As sad as it might be to admit, Toyota nowadays isn’t necessarily a cool brand anymore. True, they’ve got some serious heat in the name of Tacoma and Tundra, as well as some class in the name of the Highlander and the Land Cruiser; but those days when you just had to check out the new model from Toyota simply because you knew it was gonna be a drop-dead killer are well behind us. Toyota sports cars in 2016 are not the first thing that comes to mind when asked about the Japanese mogul. True, that’s pretty sad, but, I’m happy to say that the future isn’t at dark as it used to be and there are some positive news for us in 2016, 2017 and 2018. Thanks to the Toyota CEO, Akio Toyoda, the company has been slowly getting back to its sporty roots. It’s gonna take them a while, though, because 2016 is so much different from 2000+ that they’ll practically have to learn how to impress again.
It’s Never Too Late To Get Back To The Roots
Right now we’ve got the sneaky sporty FR-S from friendly Scion that can be yours for just 27.2K, and for the 2017 line-up Toyota promised us the revived Supra (can’t wait for that to happen!), the mysterious FT-1 Concept (which could very well be the new Supra) and maybe even a brand-new Celica and a brand-new MR2. Hey, not bad, huh? Not bad at all! You can go ahead and check out my reviews on the upcoming Supra and Celica, or, if you’re in a sentimental and nostalgic mood, join me in a ride down the memory lane. Today we’ll talk about the greatest Toyota sports cars of all time, including the old-school S800, the GT2000, the GT-One, and, of course the legendary MR2 and Supra. If you want to learn about the fastest Toyotas out there, see my “Outrunning A Bullet – Toyota’s Fastest Cars Ever” post – I promise you’ll love it. And now, it’s time to put on your seat belts and push the pedal!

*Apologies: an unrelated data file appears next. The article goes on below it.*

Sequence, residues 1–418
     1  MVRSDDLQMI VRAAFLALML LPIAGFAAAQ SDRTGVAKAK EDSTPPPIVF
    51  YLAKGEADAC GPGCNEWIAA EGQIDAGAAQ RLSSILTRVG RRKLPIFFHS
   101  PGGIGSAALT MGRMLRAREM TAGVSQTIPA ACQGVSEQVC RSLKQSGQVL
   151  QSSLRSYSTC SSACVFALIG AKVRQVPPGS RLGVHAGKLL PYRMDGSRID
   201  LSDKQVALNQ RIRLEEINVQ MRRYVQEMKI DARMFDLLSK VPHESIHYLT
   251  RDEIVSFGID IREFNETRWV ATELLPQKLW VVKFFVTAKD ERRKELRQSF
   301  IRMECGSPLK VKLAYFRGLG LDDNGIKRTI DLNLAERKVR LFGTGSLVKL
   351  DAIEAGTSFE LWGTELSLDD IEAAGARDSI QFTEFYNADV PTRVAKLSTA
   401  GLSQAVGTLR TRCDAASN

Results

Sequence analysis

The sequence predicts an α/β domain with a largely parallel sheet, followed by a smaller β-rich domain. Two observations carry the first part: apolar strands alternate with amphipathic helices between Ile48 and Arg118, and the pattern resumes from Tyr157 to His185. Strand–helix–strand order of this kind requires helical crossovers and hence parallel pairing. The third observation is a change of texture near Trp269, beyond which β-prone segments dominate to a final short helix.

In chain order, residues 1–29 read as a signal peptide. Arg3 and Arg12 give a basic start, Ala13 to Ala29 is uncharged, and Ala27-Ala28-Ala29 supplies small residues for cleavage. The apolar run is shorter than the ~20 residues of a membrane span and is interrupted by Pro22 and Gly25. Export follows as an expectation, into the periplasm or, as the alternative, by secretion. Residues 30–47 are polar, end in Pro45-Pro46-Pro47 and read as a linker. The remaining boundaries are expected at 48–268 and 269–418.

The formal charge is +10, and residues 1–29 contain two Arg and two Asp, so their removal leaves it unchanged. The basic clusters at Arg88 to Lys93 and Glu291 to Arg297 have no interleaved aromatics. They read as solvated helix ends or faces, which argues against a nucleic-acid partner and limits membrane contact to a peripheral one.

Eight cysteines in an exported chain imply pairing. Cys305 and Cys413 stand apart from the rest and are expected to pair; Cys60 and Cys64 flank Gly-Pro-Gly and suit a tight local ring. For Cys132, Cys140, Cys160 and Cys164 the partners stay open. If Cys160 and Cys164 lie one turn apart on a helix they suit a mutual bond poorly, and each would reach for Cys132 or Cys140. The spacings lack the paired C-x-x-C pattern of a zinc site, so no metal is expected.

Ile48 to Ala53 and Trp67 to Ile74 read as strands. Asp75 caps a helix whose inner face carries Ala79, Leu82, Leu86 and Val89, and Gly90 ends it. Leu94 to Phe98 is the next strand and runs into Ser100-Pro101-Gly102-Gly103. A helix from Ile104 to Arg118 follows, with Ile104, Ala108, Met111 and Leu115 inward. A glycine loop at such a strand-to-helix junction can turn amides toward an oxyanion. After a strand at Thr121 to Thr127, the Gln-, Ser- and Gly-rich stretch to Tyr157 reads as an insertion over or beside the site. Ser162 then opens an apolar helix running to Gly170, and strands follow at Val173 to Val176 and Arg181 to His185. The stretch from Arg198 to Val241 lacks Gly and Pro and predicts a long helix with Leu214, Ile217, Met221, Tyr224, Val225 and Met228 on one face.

Toyota Sports Cars 800
The S800, also known as the “Yota-Hachi” (don’t even ask), was the company’s first sports car to hit production, and lasted for 4 short years (1965-1969). In total Toyota created only 3.131 units and none of those ever made their way to America. However, that doesn’t mean it wasn’t any good for the US market – that wasn’t the case, believe me. The Japanese were just not ready (and, quite frankly, not strong enough) to try and challenge the biggest names in the industry and were happy with the great success back at home. The S800 featured a 49 bhp 2-cylinder engine and a top speed of 97 miles per hour. I know that might not sound too impressive today, but back then it was pretty awesome. Besides, this baby returned 70 (!) miles per gallon on the highways and weighted 1.3K pounds. Furthermore, it was quite the techy freak and came with lightweight aluminum and steel body composition. The cartoony looks and the nice interior helped this model to carve a permanent place for itself in the history of Japanese sports cars. Pretty cool for a car that’s as light as a feather!